For many years, STScI and MAST have provided an SFTP/FTP option that allowed a user to designate a location outside the STScI network for data to be pushed. However, for security reasons, STScI/MAST has discontinued this option as of earlier this month.
There are still a wide range of alternative options available for retrieving data from MAST:
Additional datails on available MAST web services, including mission-specific search portals and VO access, are available here. Any further questions or comments on retrieving data from MAST can be sent through the Archive Helpdesk.
MAST welcomes contributions from the community of high-level science product (HLSP) collections. Such contributions are an increasingly popular way to give science results extra visibility, while enabling new research from independent science teams. MAST now holds nearly 140 HLSP collections, and the HLSP descriptive papers enjoy citation rates well above that for most papers based on individual HST observing programs (see Shaw, et al. 2018).
If you are considering archiving your own HLSP with MAST, please consult the contribution guidelines. These guidelines were updated to clarify the contribution process with a succinct how-to guide, and to be more specific about acceptable data format, organization, and required metadata.
Interested users can then get the ball rolling by filling out the HLSP Interest Form. This will start a dialogue with MAST staff by giving us some basic information about the collection, and how we might best help turn your data into an archive-ready HLSP. Additional questions on the HLSP archiving process are also welcome through this form.
Once your files are ready for submission, we also have a new Contribution Request Form to provide MAST staff with further information about the contents and data. The form also asks authors to acknowledge a license agreement (CC BY 4.0) which enables MAST to distribute HSLP data collections freely to the community, and which requires authors who use HLSP products in published works to cite the descriptive papers.
Additional questions or comments on HLSPs may be directed to the Archive Helpdesk, though we would encourage users who are even on the fence about contributing an HLSP to fill out the Interest Form and we can discuss your collection directly. We look forward to working with you!
The HST UV Globular Cluster Survey (HUGS, Nardiello et al. 2018) is a UV initiative to complement the existing F606W and F814W database of the Hubble ACS Globular Cluster Survey by imaging a large sample of clusters through UV/blue WFC3/UVIS filters F275W, F336W, and F438W. The survey provides catalogs and astrometrised stacked images of 56 globular clusters and one open cluster observed during GO-13297 (PI: Piotto) and the two pilot projects GO-12311 (PI: Piotto) and GO-12605 (PI: Piotto). For each cluster there are three catalogs, one for each photometric method adopted. The catalogs contain information on the positions and on the photometry in five bands (F275W, F336W, F438W, F606W, and F814W) of each star found in the cluster field. The catalogs also include membership probability.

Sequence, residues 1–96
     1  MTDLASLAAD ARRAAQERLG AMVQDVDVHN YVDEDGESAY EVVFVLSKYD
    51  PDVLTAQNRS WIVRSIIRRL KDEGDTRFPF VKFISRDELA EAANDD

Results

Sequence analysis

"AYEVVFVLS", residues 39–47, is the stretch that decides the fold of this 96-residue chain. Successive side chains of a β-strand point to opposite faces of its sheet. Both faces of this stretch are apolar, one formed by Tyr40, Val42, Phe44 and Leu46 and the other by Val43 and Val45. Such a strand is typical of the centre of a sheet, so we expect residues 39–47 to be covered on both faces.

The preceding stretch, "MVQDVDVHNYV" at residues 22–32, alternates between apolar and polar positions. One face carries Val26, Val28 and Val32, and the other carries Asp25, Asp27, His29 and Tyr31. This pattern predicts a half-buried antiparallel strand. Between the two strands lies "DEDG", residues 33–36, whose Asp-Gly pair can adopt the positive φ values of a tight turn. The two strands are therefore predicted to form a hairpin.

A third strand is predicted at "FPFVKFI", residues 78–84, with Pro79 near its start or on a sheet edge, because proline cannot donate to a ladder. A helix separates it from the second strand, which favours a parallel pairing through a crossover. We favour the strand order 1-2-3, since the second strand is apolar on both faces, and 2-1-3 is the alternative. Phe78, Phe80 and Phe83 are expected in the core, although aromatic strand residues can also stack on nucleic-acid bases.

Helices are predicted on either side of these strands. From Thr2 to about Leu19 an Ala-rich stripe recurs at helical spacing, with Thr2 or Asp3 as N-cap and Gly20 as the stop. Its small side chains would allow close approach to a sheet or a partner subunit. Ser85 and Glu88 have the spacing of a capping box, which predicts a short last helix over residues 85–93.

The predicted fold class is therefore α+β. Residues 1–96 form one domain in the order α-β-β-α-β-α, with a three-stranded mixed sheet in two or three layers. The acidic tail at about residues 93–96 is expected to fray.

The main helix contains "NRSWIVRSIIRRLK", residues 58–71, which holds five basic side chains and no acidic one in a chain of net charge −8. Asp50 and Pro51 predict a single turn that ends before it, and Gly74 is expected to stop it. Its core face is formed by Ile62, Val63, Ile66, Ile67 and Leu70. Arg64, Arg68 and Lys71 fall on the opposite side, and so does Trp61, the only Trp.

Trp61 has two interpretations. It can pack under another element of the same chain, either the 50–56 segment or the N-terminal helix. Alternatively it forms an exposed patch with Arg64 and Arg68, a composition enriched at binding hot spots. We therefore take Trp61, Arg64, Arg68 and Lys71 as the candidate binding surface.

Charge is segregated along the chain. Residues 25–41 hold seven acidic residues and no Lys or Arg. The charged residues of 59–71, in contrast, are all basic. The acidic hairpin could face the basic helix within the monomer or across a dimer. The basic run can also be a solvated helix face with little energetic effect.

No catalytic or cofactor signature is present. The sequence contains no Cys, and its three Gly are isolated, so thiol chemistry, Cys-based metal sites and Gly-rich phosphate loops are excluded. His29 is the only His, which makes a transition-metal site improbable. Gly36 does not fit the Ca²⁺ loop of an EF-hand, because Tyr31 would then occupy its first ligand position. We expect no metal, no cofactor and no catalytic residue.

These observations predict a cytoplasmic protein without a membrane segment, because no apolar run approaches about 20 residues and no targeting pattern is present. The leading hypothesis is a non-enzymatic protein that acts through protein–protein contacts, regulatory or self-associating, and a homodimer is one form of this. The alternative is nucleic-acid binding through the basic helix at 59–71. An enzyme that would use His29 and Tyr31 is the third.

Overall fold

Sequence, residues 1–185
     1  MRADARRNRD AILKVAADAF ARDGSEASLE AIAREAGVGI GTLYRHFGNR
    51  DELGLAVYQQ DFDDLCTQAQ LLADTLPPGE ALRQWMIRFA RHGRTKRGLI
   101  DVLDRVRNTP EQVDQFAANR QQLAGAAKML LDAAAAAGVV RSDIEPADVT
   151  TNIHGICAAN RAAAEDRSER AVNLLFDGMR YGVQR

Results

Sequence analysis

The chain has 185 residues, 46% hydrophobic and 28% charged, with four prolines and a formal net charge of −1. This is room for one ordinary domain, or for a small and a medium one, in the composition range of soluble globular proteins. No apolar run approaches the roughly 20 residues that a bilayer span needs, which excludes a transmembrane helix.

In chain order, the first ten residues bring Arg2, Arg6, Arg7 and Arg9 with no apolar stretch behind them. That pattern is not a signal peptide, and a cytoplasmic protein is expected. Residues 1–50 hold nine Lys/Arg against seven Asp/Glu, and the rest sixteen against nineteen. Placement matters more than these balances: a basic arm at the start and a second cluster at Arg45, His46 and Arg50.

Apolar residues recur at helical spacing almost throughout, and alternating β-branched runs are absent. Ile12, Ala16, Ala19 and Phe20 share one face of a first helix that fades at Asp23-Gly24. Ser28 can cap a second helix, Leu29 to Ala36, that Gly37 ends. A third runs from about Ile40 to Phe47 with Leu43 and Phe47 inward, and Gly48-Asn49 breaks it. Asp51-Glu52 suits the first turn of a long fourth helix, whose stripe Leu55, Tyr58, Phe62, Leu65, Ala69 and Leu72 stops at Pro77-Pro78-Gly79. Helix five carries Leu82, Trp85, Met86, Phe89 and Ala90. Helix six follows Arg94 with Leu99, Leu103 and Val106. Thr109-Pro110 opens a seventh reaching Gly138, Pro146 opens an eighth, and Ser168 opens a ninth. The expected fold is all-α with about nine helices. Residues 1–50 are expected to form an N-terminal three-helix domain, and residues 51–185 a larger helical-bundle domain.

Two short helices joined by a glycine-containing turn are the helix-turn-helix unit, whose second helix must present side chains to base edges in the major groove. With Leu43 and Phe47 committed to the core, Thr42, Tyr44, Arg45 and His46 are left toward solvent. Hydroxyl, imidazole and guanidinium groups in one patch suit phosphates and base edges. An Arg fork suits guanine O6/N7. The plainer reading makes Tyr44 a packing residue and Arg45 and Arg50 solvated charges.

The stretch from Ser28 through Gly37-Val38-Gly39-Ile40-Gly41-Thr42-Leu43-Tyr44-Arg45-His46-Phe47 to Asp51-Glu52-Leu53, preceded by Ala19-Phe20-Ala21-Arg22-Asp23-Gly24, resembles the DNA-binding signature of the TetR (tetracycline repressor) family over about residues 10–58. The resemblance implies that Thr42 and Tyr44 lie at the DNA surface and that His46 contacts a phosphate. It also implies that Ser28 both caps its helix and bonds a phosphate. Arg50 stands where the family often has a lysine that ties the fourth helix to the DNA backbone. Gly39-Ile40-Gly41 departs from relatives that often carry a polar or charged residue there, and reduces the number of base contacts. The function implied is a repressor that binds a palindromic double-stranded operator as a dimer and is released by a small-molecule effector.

Uranus-STIS (Sromovsky et al.) is a collection of hyperspectral cubes of Uranus, constructed from HST/STIS observations obtained in 2002, 2012, and 2015. These data cover half the extent of Uranus with a spatial sampling of 0.0277 arcsec/pixel, and a spectral coverage from 300.4—1020.0 nm with a sampling of 0.4 nm/pixel.
New Frontier Fields Lens Models are now available for Abell 370 (Bradac v4) and MACS 0717 (Williams v4.1). This update also features a number of other corrections and additions, including:
Sharon v4 model scalings corrected for Abell 2744, MACS 0416, MACS 0717, and MACS 1149.
Williams v4 and v4.1 deflection maps added for all clusters.
Diego v4 and v4.1 deflection map scalings corrected.
K2SFF detrended light curves from Campaign 17 are now available at MAST through the search form, along with the MAST Portal and astroquery.
If you are thinking about contributing a High-Level Science Product of your own, please fill out the HLSP Interest Form to get started. HLSPs archived on MAST enjoy permanent hosting space, additional visibility, and, often, increased citation rates. Any further questions on the process can be sent to the Archive Helpdesk.
This newsletter is a MAST publication produced by Greg Snyder, Peter Forshay, and Jonathan Hargis, on behalf of the entire MAST staff, who welcome your comments and suggestions.
The Mikulski Archive for Space Telescopes (MAST) is a NASA funded project to support and provide to the astronomical community a variety of astronomical data archives, with the primary focus on scientifically related data sets in the optical, ultraviolet, and near-infrared parts of the spectrum. MAST is located at the Space Telescope Science Institute (STScI).